This year we gave it some thought before we began. Should we really try again, given all the greens that bolted last year? The sparse potato bed? The prodigious, fruitless tomato plants?
Yes, we decided. We can’t ignore the good dirt, the good sun, the summer air.
I tested the soil and bought organic fertilizer. We drew lines and labeled a map of the beds and bought corresponding seed packets. (Those promising, crisp envelopes!)
I discovered that the leak in the spigot next to the garden was worse than the year before, but no matter. The seeds were sprouting up, growing. We harvested mizuna, spinach, peas and a few beets.
Every year this happens. Our early yield is easy to eat. The garden is manageable, accessible. I enjoy piddling in the dirt.
But then summer arrives and begins its long, fecund climb. I start to lose focus, not recognizing that this is when the systems necessary for growing, for maintaining and for preserving need to kick in. Without them, the yield, pests and problems are overwhelming. At some point we disappear and the vegetables grow out of control or shrivel from neglect.
Last weekend I dug out the remains, erasing, at least for passers-by, the evidence of another inadequate growing season.
But next to the dried up peas, lost in the masses of fading Nigella Hispanica and Cosmos, was a patch of parsley. I’d given up on it in early September when it appeared to be overrun with black aphids.
But now! Is parsley supposed to taste like this? Is it supposed to be sweet enough that I retain the stems to eat them alone?
This is what keeps me coming back. One success, even one that is due solely to good fortune, is enough to make me say what if every spring.
Braised Leeks with Matsutake Broth
I’m a better champion than I am a producer. I troll for the good stuff around this time of year, even if I can’t grow (or forage) it myself. Matsutake mushrooms made it home with me and I paired them with leeks for lunch. If you buy some, choose firm mushrooms with caps that are still closed around the gills. They will look like little clubs.
For the leeks:
1 large leek
2 tablespoons olive oil
1 teaspoon toasted sesame oil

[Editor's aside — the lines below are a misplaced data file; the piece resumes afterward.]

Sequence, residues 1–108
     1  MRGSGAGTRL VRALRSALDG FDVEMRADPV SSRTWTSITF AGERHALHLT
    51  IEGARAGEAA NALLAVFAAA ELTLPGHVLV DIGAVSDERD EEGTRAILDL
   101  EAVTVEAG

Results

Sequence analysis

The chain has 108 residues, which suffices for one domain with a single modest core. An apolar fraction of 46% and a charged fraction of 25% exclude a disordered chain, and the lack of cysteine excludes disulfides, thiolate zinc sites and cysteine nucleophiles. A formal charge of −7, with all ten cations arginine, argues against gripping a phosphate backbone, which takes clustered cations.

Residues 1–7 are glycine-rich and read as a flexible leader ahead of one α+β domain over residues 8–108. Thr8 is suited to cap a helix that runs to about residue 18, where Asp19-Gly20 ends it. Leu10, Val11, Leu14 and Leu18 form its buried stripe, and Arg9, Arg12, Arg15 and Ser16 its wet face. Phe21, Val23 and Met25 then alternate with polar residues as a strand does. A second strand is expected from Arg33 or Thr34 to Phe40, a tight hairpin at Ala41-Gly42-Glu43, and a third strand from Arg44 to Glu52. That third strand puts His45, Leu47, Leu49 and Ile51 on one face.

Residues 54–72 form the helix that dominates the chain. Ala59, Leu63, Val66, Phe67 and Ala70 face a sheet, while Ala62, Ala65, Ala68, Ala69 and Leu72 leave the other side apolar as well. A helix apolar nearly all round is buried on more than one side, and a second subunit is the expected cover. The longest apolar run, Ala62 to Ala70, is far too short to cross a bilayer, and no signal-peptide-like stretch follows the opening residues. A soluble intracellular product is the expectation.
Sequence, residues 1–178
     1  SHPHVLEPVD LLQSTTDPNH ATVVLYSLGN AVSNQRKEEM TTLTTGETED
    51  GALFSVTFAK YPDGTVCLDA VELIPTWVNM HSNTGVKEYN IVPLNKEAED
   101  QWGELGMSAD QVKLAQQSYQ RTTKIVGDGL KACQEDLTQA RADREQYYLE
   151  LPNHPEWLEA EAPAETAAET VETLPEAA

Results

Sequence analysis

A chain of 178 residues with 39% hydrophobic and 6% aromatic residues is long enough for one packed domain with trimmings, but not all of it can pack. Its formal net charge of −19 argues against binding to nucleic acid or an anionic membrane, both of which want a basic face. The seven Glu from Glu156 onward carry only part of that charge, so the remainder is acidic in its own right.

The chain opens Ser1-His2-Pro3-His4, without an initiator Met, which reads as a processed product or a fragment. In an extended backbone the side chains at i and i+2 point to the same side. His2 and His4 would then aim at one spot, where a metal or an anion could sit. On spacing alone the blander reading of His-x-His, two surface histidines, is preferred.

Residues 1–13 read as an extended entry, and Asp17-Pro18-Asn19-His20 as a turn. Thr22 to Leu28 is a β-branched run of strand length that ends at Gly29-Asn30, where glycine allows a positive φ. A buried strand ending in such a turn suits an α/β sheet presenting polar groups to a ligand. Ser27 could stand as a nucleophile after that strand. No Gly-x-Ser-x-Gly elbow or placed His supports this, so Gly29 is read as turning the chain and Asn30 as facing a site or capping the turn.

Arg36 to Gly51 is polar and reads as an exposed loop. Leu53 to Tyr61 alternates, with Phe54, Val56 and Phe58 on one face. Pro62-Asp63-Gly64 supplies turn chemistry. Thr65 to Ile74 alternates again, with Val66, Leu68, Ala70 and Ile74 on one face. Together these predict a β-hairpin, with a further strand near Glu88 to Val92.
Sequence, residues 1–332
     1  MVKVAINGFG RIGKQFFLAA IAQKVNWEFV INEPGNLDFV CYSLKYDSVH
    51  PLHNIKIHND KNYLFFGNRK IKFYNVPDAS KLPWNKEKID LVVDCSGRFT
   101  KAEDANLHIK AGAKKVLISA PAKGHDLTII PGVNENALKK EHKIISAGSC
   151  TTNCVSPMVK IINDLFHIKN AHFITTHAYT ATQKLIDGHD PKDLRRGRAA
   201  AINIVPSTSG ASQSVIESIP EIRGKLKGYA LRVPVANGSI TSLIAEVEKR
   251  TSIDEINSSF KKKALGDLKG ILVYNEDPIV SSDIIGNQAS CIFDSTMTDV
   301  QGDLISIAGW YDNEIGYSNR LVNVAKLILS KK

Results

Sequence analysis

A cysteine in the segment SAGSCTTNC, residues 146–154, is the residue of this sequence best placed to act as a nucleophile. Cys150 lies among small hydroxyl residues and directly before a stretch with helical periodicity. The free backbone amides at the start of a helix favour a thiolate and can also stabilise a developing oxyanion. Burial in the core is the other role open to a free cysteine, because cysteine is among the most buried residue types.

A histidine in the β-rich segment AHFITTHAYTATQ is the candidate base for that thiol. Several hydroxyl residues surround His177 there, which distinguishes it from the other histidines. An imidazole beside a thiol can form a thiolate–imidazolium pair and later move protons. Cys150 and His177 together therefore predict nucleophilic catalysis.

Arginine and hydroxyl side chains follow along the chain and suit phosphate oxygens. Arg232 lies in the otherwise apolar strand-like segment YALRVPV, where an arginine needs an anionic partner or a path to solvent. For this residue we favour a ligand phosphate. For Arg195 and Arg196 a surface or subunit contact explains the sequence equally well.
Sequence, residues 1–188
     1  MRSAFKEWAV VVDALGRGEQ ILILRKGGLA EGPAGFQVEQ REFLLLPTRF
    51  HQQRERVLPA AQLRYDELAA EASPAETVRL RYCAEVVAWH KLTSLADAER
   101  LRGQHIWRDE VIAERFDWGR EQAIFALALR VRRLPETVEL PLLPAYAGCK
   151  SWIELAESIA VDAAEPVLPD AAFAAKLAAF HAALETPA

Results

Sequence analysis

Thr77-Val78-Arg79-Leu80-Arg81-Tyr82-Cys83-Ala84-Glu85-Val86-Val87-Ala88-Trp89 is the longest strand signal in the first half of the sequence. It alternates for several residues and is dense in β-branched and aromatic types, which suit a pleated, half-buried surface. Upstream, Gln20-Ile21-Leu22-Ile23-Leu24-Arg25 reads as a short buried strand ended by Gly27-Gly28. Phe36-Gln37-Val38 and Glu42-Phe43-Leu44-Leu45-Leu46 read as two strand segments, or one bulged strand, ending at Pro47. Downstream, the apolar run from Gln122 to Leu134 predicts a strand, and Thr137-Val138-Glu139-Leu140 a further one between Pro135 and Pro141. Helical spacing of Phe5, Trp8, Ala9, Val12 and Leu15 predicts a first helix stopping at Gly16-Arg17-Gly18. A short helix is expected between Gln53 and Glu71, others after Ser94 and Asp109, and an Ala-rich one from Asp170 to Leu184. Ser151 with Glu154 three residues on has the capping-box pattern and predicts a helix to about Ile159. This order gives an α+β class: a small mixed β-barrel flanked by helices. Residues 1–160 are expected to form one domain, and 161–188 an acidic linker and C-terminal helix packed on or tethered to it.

3-inch piece of kombu
1-2 garlic cloves, whole peeled
Preheat oven to 350°.
Slice leek in half lengthwise and clean out the grit under running water. Pat dry and cut the halves into four-inch lengths.
Heat oils in a cast iron skillet over medium heat. Lay leek pieces, cut side down, in the pan and cook until golden brown. Flip pieces gently and repeat.
Pour two cups of water into the pan and add the kombu and garlic cloves. Bring water to a boil, cover, and transfer the pan to the oven. Cook for 10-15 minutes, or until leeks are soft.
For the matsutake broth:
4 matsutake mushrooms
1 tablespoon toasted sesame oil
4 cloves garlic, sliced or minced
½ cup rice cooking wine
a generous handful of fresh parsley
coconut milk (optional)
Slice the top parts of the matsutakes into thin slices. Cut the bottom portions into smaller pieces.
Heat a large skillet over medium-high and add dry mushrooms. Allow to brown slightly then toss or turn using a spatula. When the mushrooms are brown, sprinkle with one or two good pinches of Kosher salt and toss or flip to distribute the salt evenly.
The mushrooms will give up some liquid. Once this has evaporated, push mushrooms to the side and add oil to the empty side of the pan. Add garlic and sauté in oil for 30 seconds or until fragrant. Toss or stir to combine.
Deglaze the pan with the rice cooking wine. Once it has evaporated, add 2 cups of water to the pan. Bring to a boil, cover, and reduce the heat.
Simmer, testing periodically to see if the mushrooms are tender. Matsutakes ae very firm so they won’t soften, per se. You should consider them done when you’re able to bite through a slice without your teeth bouncing back.
Add parsley and stir. Cover and steam it along for another two or three minutes. Taste and adjust the seasonings.
Ladle broth into shallow bowls and place a leek or two on top, cut sides up. Drizzle with coconut milk, if desired.